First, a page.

Qilin, also named ‘Lin’, is an animal recorded in Chinese traditional books, together with phoenix, tortoise, and dragon, are called ‘the Four Mythical Animals’, being the mounts of gods and symbolizing auspicious signs.
The Qilin has, according to some sources, "the body of a deer, the tail of an ox, the hooves of a horse, a body covered with the scales of a fish, and a single horn." That’s the origin of the term "Chinese unicorn". It was in 1419 AD when Zheng He returned to Nanjing with a presented giraffe from the Malin Kingdom. As giraffe resembles the Chinese auspicious Qilin very much – it does have a head like a deer’s, a tail like an ox’s, hooves rather like a horse’s, a pattern on its body like scales, and two horns (but not one) – it was easy to consider the giraffe to be a Qilin. However, the Qilin is also often portrayed as having the antlers of a deer – this is a mix-up with the Chinese dragon (long), which does have antlers.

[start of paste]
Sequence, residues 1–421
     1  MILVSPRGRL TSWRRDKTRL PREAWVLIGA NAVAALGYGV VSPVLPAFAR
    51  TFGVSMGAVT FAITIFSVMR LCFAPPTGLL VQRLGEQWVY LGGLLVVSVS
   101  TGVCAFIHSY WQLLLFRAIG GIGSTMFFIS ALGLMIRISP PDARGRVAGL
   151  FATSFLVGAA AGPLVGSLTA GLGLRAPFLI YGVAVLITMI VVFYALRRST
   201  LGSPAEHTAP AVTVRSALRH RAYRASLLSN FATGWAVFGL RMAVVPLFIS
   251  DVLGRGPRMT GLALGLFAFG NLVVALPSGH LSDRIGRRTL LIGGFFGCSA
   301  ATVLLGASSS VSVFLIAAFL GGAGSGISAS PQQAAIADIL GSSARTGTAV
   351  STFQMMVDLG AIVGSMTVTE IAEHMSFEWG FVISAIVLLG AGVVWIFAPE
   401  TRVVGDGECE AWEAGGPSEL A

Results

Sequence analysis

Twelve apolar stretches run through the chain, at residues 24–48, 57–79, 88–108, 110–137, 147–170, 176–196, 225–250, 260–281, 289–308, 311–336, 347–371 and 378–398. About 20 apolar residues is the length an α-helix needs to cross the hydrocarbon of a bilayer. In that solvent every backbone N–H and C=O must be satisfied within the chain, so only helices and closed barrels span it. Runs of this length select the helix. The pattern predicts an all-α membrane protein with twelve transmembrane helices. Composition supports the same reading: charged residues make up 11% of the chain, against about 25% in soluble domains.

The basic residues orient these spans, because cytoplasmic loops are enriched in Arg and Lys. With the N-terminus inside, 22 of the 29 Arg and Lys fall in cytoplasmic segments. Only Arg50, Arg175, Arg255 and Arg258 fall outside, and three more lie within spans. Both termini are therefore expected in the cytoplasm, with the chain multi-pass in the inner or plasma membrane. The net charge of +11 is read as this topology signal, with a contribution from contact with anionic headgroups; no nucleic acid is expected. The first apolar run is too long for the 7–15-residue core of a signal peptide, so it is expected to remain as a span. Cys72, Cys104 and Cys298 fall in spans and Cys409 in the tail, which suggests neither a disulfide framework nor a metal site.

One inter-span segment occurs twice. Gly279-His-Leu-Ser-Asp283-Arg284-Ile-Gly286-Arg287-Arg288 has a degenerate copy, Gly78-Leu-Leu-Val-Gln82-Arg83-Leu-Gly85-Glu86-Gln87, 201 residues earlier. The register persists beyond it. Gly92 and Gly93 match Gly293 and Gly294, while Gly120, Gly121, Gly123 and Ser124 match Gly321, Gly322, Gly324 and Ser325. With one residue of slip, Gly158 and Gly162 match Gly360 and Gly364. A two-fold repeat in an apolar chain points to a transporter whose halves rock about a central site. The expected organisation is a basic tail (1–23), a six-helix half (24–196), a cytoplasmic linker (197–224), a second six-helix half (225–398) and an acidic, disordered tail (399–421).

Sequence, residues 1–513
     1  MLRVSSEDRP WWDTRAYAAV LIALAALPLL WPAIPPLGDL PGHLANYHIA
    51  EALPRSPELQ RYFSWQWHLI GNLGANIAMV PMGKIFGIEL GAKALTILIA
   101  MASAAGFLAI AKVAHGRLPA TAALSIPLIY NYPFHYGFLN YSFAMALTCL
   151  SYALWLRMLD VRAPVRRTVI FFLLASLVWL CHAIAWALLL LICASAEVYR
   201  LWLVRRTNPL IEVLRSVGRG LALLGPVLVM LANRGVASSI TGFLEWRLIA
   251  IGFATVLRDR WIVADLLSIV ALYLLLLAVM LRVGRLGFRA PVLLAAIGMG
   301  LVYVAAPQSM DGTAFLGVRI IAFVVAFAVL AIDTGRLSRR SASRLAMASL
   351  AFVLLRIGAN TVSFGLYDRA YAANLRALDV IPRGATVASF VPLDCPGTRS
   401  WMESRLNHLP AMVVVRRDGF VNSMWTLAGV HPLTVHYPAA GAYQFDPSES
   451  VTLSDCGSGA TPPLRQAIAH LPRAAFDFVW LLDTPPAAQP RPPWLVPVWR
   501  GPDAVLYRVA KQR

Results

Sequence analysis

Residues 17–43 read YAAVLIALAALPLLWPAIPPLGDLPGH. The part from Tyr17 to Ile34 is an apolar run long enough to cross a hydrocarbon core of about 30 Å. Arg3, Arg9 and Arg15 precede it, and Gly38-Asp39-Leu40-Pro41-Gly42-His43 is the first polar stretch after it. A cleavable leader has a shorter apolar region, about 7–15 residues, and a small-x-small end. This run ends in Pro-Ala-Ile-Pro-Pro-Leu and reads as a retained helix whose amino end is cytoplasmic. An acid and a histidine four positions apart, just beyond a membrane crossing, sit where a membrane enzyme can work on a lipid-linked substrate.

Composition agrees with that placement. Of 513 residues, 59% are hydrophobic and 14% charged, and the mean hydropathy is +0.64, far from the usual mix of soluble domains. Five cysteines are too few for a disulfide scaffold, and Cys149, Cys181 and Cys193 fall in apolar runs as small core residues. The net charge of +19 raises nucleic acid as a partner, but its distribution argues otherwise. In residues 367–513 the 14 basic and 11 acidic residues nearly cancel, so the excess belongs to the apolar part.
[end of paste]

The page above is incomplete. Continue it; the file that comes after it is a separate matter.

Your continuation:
The Qilin supposedly is a benevolent creature that is only seen during the reign of a benevolent ruler – in the Chunqiu (Spring and Autumn Annals), a Qilin is said to have been captured towards the end of Confucius’ life, and Han philosophers later reasoned that this was because Confucius was a benevolent "king without a throne".
In the long run of Chinese history, Qilin has beard deep culture meaning represented in many aspects of the folk life. For example, it’s believed that Qilin can bring children to the family, making the offspring flourishing under the benediction of the god; it can also be decorated in the ceiling of buildings or the house doors, to show the family’s nobility and to get rid of the evils. People often present Qilin lockers to the children to guard their lives especially at their births. In addition, things that are quite rare or hard to find can be also described in association with this animal, as the idiom goes like ‘phoenix’s feather and Qilin’s unicorn’; the kind of unique food is similar, as ‘Qilin’s liver, phoenix’s marrow’.